Mercedes boss Toto Wolff has suggested that Formula 1 could look at making the rotation of team personnel mandatory during a season, if the calendar continues to grow.
With F1 set to have its busiest ever season in 2022 with 23 Grand Prix weekends and an increased number of Sprint Qualifying events, it means that many personnel with the teams are away from home for weeks, if not months, on end.
The obvious repercussions on personal lives has led to mutterings about how to address the situation, given that the Concorde Agreement allows for up to 25 Grand Prix weekends – almost half the number of weekends in a year.
At the moment, the introduction of a mandatory budget cap means that teams are not financially in a position to rotate crews or to use relief crews during the season.
But Wolff believes this could be a way for the headache to be solved, and said that the newly-appointed Formula 1 CEO Stefano Domenicali is probably the man best equipped to recognise the challenges being faced by the teams as the Italian was the former team boss at Scuderia Ferrari until 2014.
"I think that we have the best man in charge to balance between income and workload with Stefano, and he has been on the other side running a team. He has been involved in the logistics in his early days," Wolff told media, including RacingNews365.com.
"He knows the strain on the people and that strain is enormous, particularly on the mechanics that need to be there much earlier, take the garage down, not always travelling as comfortably as all of us, and that needs to be taken into consideration.
"We have a rotational scheme in there already to get a little bit of the pressure off, but I believe that, maybe, we can come up with some innovative thinking and make rotation mandatory, if it is within what we can afford."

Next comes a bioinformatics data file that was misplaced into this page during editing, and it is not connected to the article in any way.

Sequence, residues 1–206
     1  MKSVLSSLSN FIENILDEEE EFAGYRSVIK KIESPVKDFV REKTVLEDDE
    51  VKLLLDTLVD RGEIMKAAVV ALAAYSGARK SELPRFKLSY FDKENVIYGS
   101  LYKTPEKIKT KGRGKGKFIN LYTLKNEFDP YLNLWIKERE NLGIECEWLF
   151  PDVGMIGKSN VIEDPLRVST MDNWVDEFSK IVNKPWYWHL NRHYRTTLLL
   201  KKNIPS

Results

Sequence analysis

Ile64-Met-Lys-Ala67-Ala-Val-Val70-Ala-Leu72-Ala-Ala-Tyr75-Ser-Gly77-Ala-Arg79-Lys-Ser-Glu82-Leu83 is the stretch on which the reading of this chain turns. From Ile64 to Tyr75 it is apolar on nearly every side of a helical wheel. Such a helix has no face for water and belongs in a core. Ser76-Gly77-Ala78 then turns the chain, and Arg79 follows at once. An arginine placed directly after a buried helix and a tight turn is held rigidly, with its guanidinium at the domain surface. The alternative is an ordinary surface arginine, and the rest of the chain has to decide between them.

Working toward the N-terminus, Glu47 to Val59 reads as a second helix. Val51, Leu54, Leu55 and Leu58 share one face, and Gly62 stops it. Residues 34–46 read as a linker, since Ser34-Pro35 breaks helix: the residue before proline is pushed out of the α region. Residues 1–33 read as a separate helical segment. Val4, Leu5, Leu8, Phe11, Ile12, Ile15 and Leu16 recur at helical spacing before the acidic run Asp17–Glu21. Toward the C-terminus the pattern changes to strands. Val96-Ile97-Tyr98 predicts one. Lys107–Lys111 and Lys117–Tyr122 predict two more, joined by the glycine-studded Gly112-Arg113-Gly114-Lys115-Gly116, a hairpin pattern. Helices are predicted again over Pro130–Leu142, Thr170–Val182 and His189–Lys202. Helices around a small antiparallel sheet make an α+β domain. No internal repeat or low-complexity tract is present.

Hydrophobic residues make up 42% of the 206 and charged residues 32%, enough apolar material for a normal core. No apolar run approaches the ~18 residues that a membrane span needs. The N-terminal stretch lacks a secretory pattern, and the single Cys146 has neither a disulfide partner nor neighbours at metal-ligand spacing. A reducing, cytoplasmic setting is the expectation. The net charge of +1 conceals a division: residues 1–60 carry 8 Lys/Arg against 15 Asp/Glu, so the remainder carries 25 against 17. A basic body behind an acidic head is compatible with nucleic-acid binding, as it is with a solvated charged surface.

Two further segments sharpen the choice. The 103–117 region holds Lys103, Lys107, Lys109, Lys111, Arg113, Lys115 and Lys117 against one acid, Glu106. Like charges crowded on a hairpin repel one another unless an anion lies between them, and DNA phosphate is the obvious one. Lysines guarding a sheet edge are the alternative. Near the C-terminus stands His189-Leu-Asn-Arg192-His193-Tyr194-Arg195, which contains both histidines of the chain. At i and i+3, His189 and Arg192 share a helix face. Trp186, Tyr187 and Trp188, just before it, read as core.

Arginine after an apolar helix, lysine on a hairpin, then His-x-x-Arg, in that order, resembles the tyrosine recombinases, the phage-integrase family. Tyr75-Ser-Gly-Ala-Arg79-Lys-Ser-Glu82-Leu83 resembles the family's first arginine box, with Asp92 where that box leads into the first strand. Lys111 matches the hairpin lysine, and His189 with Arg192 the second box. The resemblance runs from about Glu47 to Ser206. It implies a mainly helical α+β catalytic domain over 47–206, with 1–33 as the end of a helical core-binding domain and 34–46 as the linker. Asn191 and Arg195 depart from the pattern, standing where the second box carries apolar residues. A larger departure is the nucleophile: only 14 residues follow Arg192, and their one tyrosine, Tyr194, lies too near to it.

Wolff said that the situation as it stands sees the senior staff being pushed to their limits, due to the demands of the competition, with the more junior staff eager but lacking the crucial experience without the safety net of supervision.
"We have a lot of young engineers in every area that are not yet on the battlefield life, because there is a senior there that is the best in the group," he said.
"But maybe that's an opportunity and actually putting them in the hot seat and putting a ceiling on to the race attendance.
"Whatever it is, maybe we take 20 races and there's three races that you need to bring somebody else in, but obviously that the detail lies in the devil (sic).
"But similarly, what I've said before on young drivers, that could be an attempt to reduce the strain on particularly mechanics, all the people that work in logistics, and the engineers."
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